I started an "Achievement List" program, and I already have a bunch of subscribers within the mission. I'll send you an image of it so you can see what kinds of crazy stuff we want to say we did on our missions. :) By the way, I compiled this list with the previous Assistant to the President, Elder Hoer, who's super awesome. (I mention "Taike" in the achievements. A Taike is the equivalent of a sort of punk kid in America.)


Hope all is well back home. I miss you guys, but I want you to also know that I really love it out here. I love the work, and I'm so blessed to be a part of this. Thank you for all your prayers and love.


-Elder JorgensenIMG_5480

8 July 2013

Whoa. One year from today, I'm going home. My mission is halfway over, and I feel like I've only been out here a few short months. Time flies so fast.

I spent some time this week seriously pondering what I've learned on my mission so far, and where I want to be when I leave a year from now. I'm still far from a perfect person, but I have learned a lot, and I am stunned at the progression I have made. I feel as if I have transformed into a completely different person.

When I began my mission, I thought I was pretty knowledgeable. But a few hours at the MTC changed that pretty quickly! I was humbled, and then I was teachable. It's still a work in progress (I can be very prideful sometimes), but as I truly forget myself and seek the happiness and well-being of others, my own knowledge and character grows and improves. Daily personal and companionship study, along with my everyday experiences, have helped me gain a deeper understanding of the foundational doctrines and principles of the gospel, a knowledge I realize I majorly lacked before I left. There is great glory and beauty in the simple doctrines of the gospel, and a great power in them to transform the hearts of men.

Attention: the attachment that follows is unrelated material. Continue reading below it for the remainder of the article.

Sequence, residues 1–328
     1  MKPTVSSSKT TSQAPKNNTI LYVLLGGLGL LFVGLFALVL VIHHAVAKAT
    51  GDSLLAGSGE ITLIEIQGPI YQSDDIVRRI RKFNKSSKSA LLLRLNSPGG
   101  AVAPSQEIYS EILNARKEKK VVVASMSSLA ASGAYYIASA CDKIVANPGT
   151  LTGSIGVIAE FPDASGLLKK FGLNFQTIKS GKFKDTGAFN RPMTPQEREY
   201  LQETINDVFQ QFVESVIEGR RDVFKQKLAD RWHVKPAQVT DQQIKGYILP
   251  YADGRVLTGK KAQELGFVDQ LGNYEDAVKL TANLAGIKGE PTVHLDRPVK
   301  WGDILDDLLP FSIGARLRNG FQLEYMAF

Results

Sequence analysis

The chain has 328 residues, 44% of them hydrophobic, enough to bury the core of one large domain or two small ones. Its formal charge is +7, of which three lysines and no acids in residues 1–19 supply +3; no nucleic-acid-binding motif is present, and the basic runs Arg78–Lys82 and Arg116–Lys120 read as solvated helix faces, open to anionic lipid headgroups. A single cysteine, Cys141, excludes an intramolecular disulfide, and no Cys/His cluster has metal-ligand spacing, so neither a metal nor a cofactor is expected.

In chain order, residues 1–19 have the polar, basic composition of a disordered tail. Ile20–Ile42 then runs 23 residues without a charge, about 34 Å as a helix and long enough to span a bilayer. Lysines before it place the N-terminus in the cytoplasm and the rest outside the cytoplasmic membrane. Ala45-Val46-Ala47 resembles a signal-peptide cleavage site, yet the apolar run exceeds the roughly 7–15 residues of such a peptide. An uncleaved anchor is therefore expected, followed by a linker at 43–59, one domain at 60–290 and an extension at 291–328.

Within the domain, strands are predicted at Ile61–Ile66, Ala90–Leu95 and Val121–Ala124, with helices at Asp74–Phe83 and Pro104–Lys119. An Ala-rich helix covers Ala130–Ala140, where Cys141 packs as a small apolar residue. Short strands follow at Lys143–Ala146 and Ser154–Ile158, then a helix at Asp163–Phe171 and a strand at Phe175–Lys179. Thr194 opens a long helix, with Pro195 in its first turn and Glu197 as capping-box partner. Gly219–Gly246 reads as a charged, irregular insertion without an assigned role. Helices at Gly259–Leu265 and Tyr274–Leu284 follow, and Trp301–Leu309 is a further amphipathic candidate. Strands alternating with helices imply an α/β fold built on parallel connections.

I also have learned the effectiveness of planning. When I was in high school, I sometimes fell behind on homework. Procrastination became the norm. My parents saw this and begged me, time and time again, to plan out my time. "At least make a to-do list!" But I resisted: it was too difficult and stressful to make a plan, and I would rather lay around in complete denial and pretend everything was fine and dandy. But now, when people's souls are on the line, not making a plan is stupid, period. And when I have made thought-out, thorough plans, my effectiveness as a missionary increases exponentially. It is a skill I want to use for the rest of my life.

My love for my family and friends has deepened. Isn't it sad that it's only when you are away from your loved ones when you start to truly appreciate them? I could be such a jerk at home, but now I wish I could take all those hard moments and poor choices back. I wish I could rewind the clock and instead of saying harsh, biting words, I could just go hug my mother and tell her I love her. But alas, since I can only change the future, I resolve to change it for the better. I will instead choose to open my eyes to the many small acts of kindness and love that my parents show to me on a regular basis. I am immensely grateful for my father's and mother's constant efforts to rear me and my siblings in a home centered on the gospel of Jesus Christ, and I am overjoyed that I can continue my special relationship with them in the eternities.